The Guardian reports: Aleppo has become synonymous with destruction and death, barrel bombs, bunker busters and shattered hospitals. For the doctors and rescue workers racing to save lives around the clock, life has become a blur of blood, death and desperation.
But between the explosions and the street fights, there are more than 200,000 civilians trying to cling to a semblance of normal life in east Aleppo, a quarter of them children.
Taxis and bakeries, water plants and market stalls, schools and charities all operated in rebel-held east Aleppo. Until government forces began a siege in July, vital supplies filtered in and out, residents could visit friends or even leave if they wanted to. Some stayed out of loyalty, others for desperation or fear of life as a refugee in squalid camps.
Among the factions fighting in the city are hardline Islamists, including a group formerly linked to al-Qaida. But east Aleppo is also still home to artists and moderate activists, including women who work in its charities and schools.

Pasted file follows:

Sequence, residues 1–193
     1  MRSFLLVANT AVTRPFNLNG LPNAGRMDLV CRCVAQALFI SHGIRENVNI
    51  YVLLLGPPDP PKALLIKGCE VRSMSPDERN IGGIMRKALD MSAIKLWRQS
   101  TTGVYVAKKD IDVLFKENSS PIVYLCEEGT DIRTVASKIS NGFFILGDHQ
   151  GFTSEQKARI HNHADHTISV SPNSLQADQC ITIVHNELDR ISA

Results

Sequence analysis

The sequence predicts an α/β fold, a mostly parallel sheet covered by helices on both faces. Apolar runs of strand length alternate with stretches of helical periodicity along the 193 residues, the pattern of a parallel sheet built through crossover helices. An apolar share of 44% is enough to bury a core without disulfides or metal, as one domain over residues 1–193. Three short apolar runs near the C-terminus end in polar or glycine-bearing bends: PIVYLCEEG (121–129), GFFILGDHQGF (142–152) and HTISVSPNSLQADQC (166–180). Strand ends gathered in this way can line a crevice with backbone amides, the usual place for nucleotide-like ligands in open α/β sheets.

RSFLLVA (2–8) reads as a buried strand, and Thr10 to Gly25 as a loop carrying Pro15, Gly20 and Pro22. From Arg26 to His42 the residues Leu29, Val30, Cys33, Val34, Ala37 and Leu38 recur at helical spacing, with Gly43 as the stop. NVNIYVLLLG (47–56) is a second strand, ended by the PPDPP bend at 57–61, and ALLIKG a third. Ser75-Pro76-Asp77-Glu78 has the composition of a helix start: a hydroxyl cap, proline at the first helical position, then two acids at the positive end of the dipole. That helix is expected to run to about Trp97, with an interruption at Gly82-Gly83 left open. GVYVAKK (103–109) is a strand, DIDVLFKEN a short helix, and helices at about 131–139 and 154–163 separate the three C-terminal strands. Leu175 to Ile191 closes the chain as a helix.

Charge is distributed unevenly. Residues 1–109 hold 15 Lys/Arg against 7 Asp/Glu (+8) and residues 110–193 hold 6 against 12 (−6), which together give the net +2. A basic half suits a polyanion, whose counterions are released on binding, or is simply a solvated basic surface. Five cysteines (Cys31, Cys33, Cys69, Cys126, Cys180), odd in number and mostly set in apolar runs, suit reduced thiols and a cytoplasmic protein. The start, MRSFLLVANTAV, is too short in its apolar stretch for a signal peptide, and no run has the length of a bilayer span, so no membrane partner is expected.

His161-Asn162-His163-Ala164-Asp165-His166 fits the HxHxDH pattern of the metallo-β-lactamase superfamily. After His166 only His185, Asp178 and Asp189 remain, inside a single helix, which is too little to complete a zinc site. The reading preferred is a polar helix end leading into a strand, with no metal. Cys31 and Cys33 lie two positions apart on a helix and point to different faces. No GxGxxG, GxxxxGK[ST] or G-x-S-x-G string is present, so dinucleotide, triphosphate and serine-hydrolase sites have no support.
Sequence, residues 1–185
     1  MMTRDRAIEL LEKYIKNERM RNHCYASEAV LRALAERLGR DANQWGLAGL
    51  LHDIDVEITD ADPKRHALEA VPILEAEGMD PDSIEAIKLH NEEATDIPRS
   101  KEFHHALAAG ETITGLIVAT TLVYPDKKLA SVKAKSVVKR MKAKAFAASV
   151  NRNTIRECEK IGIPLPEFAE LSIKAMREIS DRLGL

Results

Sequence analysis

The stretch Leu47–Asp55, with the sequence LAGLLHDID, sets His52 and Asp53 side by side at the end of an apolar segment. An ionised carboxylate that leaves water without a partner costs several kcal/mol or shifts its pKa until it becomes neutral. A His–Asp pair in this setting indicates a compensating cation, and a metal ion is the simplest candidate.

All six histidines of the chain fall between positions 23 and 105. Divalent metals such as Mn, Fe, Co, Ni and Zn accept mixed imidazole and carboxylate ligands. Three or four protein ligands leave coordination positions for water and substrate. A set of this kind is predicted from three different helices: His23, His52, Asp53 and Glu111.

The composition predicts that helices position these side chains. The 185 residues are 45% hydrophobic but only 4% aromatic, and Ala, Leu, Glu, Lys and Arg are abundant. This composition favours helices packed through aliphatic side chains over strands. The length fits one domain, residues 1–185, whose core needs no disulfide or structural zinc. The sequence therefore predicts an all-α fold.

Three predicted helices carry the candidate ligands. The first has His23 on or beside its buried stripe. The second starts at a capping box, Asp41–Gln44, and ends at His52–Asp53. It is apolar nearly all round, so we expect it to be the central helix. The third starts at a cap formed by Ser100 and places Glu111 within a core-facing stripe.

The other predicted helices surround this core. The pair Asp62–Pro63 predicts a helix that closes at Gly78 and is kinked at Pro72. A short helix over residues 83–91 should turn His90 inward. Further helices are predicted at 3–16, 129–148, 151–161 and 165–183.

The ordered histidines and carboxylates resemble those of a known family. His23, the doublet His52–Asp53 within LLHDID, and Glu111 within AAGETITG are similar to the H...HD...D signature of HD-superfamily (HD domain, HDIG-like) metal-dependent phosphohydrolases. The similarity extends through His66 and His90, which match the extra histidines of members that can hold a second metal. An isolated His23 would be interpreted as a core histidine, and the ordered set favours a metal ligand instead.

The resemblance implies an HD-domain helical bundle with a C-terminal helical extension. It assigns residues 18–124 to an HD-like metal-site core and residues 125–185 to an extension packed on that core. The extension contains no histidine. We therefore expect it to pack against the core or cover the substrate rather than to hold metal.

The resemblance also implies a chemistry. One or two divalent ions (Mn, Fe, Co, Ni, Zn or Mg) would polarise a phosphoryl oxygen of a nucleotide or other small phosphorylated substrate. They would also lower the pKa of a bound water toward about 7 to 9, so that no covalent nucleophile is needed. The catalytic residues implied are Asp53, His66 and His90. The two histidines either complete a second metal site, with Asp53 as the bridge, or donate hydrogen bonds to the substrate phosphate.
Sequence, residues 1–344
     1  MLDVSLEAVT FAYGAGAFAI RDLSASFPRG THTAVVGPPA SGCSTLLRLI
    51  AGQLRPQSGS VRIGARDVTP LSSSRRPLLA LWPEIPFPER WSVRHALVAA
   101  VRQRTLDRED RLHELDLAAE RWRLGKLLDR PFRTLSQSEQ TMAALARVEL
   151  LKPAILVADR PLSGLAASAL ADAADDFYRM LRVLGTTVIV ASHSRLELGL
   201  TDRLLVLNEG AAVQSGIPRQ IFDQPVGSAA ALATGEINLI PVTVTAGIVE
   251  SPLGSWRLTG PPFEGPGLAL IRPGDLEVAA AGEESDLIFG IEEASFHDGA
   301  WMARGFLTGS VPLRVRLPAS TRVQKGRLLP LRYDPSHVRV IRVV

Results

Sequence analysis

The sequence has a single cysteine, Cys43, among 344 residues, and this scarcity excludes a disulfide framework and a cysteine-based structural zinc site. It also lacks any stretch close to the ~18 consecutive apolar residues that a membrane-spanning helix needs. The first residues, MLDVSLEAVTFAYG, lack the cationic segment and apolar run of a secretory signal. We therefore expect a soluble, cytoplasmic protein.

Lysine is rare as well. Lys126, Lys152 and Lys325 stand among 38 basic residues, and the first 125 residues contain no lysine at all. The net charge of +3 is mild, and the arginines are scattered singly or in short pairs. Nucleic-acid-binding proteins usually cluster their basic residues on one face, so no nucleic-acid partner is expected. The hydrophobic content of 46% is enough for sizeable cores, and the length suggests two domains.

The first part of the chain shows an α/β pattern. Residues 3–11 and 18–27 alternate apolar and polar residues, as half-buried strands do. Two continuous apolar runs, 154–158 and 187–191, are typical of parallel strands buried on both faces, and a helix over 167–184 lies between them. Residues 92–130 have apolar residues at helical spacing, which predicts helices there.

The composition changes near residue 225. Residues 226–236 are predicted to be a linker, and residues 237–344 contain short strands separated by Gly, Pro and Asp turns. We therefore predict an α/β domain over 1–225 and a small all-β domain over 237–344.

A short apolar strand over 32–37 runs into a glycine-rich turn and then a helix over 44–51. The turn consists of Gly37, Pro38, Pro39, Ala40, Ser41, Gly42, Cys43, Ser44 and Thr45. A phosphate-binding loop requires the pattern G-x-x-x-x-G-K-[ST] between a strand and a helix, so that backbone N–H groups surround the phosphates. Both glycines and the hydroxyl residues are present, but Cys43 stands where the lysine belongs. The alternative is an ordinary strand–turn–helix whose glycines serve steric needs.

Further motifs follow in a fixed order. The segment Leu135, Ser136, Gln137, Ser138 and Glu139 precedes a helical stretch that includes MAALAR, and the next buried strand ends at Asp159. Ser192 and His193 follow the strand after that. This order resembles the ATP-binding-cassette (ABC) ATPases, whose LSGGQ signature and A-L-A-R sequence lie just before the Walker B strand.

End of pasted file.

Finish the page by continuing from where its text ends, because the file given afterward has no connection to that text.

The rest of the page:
A new term had been due to start on Saturday, but classes have been suspended indefinitely in the face of last week’s unprecedented bombing campaign on the city, which the UN’s chief humanitarian officer described as a “terrible descent into the pitiless and merciless abyss”.
The siege is also biting hard. Food supplies are shrinking, fruit and vegetables have all but gone from people’s plates, and fuel is dwindling too, so most cars have vanished from the streets. They are hoarding supplies for generators that power not just hospitals but also the internet connections that are east Aleppo’s link with the world.
In other eras, cutting supply lines also cut communication, but smartphones and satellite internet routers mean the people of Aleppo can reach out online beyond the circumscribed world that one resident described as a “vast, open-air prison”. [Continue reading…]